With the free agent frenzy winding down and training camps still weeks away from opening, we thought we'd embark upon an ambitious project - a team-by-team preview of all 30 NHL squads. If you'd be interested in writing the preview for a team, email us (address at the bottom), follow this format, and we'd be happy to post your preview. And away we go...
Key additions: Scott Niedermayer, D (FA - NJD); Teemu Selanne, RW (FA - COL); Brian Burke, GM; Randy Carlyle, Head Coach; Jason Marshall, D (FA - SJ); Todd Fedoruk, LW (T - PHI); Ryan Getzlaf, C (D - 2003, 1/19)
Key losses: Martin Skoula, D (FA - DAL); Vaclav Prospal, LW/C (T - TB); Martin Gerber, G (T - CAR); Steve Rucchin, C (T - NYR); Mike LeClerc, LW (T - PHX)
Key players unsigned: none
Forwards: The Ducks were oh so close, their odds of landing a franchise savior seemingly having jumped from just over 4% to 50%. But Gary Bettman opened the wrong envelope, said the wrong team's name, and the rest is history. Anaheim, in new GM Brian Burke's first draft with the team, ended up selecting American-born winger Bobby Ryan with the #2 pick overall. Add Ryan to a stable of talented young wingers that includes rising star Joffrey Lupul, Corey Perry and Ryan Getzlaf and there is hope that the Ducks can improve on an offense that was third-worst in the League, scoring only 2.24 goals per game in 2003-04. Petr Sykora is coming off a disappointing 2003-04, and don't look now but Sergei Fedorov will be 36 by Christmas, Rucchin 34 by the opening of training camp. Top assist man Prospal is gone. The Ducks will have a handful of exciting forwards to watch in the future, but that future is not now.
Defensemen: The Ducks added one of the best (if not the best) all-around defensemen in hockey when they inked the elder Niedermayer. Their 8th ranked powerplay should improve, their 12th ranked penalty kill will as well. Scott Niedermayer was the gem of this free agent class and the Ducks paid handsomely to land him. With Niedermayer, Sandis Ozolinsh, Keith Carney (also 36 this season) and Ruslan Salei, Anaheim has an above average top-4 defensemen. The backend of the D-corps is iffy, but whose isn't?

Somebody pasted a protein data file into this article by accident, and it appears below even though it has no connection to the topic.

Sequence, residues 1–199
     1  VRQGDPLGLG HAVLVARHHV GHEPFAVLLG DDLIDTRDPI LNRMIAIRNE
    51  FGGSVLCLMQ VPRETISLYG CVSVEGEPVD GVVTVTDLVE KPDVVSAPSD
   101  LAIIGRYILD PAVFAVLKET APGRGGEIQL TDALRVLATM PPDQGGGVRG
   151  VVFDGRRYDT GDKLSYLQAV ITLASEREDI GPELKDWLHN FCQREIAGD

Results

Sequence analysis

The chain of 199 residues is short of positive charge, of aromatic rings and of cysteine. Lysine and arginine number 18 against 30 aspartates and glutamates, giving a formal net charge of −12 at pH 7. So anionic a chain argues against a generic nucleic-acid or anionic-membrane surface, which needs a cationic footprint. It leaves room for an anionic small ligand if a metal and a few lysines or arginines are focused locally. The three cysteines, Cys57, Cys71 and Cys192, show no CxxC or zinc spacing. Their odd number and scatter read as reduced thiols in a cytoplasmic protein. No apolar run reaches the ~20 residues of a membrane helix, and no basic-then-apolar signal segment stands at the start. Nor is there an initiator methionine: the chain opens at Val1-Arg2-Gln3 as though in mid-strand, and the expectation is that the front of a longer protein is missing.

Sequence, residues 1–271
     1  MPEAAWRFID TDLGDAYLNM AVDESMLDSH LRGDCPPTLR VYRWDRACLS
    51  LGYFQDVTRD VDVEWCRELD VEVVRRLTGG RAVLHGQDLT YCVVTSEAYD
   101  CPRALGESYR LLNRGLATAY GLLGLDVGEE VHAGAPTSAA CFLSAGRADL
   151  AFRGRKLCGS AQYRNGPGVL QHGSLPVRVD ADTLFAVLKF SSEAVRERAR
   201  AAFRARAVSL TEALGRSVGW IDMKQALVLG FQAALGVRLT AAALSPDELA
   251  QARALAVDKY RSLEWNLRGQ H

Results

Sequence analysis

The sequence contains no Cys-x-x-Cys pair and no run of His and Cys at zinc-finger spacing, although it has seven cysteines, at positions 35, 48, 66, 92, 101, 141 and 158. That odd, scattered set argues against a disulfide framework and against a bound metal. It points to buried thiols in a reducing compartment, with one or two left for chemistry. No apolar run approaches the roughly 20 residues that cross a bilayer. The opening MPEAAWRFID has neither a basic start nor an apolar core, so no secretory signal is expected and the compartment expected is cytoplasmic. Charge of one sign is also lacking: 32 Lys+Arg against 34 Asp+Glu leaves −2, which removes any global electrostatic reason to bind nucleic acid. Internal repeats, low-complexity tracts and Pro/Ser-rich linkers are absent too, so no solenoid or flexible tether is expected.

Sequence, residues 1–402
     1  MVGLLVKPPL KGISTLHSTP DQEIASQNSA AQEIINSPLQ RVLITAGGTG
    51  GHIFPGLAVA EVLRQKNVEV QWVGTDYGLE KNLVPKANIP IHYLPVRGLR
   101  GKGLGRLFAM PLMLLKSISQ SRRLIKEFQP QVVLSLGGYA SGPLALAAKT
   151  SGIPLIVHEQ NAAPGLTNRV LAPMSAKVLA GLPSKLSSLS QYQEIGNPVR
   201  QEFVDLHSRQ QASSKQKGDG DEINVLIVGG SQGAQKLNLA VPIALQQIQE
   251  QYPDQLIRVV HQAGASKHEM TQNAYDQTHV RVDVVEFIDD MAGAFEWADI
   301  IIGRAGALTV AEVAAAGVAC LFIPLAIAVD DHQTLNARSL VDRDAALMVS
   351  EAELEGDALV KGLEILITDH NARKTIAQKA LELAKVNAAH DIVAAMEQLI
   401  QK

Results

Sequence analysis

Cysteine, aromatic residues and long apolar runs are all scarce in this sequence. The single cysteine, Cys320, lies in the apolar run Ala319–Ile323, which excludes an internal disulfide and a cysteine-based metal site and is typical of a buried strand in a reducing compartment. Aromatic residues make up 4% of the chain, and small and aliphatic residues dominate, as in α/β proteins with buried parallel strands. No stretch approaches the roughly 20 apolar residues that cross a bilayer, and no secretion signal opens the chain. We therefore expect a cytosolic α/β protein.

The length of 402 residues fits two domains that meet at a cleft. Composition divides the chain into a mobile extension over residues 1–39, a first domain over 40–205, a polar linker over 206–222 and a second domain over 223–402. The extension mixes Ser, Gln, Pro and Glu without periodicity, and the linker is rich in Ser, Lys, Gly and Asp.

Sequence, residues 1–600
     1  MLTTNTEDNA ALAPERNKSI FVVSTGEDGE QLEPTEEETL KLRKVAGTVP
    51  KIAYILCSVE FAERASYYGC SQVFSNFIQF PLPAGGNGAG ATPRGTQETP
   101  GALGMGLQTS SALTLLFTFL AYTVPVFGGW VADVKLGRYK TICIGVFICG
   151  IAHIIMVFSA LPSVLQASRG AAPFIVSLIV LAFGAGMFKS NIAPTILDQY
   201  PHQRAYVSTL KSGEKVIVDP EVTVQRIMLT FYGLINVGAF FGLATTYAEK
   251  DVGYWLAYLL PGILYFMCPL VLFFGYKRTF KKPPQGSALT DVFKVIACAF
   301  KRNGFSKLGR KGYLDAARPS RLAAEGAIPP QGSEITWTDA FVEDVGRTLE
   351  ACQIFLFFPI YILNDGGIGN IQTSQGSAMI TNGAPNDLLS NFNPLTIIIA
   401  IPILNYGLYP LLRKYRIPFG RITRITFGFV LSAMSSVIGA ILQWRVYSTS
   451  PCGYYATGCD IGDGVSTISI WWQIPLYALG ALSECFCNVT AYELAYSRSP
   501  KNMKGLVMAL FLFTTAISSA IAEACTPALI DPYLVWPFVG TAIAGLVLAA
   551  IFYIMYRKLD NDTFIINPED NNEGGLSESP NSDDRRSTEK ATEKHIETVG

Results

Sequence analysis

Goaltenders: J.S. Giguere's goals against average has risen from 2.13 to 2.30 to 2.62 over the past three seasons while his save percentage has dipped from .920 to a still-impressive .914 over the same span. The addition of Niedermayer and new coach Randy Carlyle's defense-first approach will help Giguere return to his form as a top goaltender. Ilya Bryzgalov is a capable and cheap backup - the perfect #2 (perhaps even #1A) backstop in today's NHL.
Bottom line: The signing of Niedermayer was big for the Ducks, but with that much money invested in one player, it is difficult to fill out a roster with NHL-caliber talent. Then again, they made the Cup Finals with a $10 million per year Paul Kariya on the roster not too long ago. The 2005-06 Ducks will need their young forwards to step up and for Giguere to regain his Vezina-finalist form in order to make the playoffs.
Update (8/16): Winger Stanislav Chistov will apparently stay in Russia this year (as may Bryzgalov, as Captain Dave points out). Chistov has been somewhat disasppointing since his rookie season, but still would have been counted on to produce offensively for the Ducks this year.
Update (8/22): Anaheim has signed free agent and nine-time All-Star Teemu Selanne. Since 1997-98, Selanne's season goal totals have been 52, 47, 33, 33, 29, 28, 16. Yikes. The 35-year-old should rebound somewhat in Anaheim, but don't expect big numbers. At only $1 million, this was a good signing by the Ducks and will help, but Teemu is definitely looking more like the Finished Flash these days.
Update (8/23): To free up some room under the cap (potentially for incentives in Selanne's contract), the Ducks shipped center Rucchin to the Rangers and winger LeClerc to Phoenix. The moves leave the Ducks a bit thinner up front than they were yesterday, but Burke probably isn't done tinkering quite yet.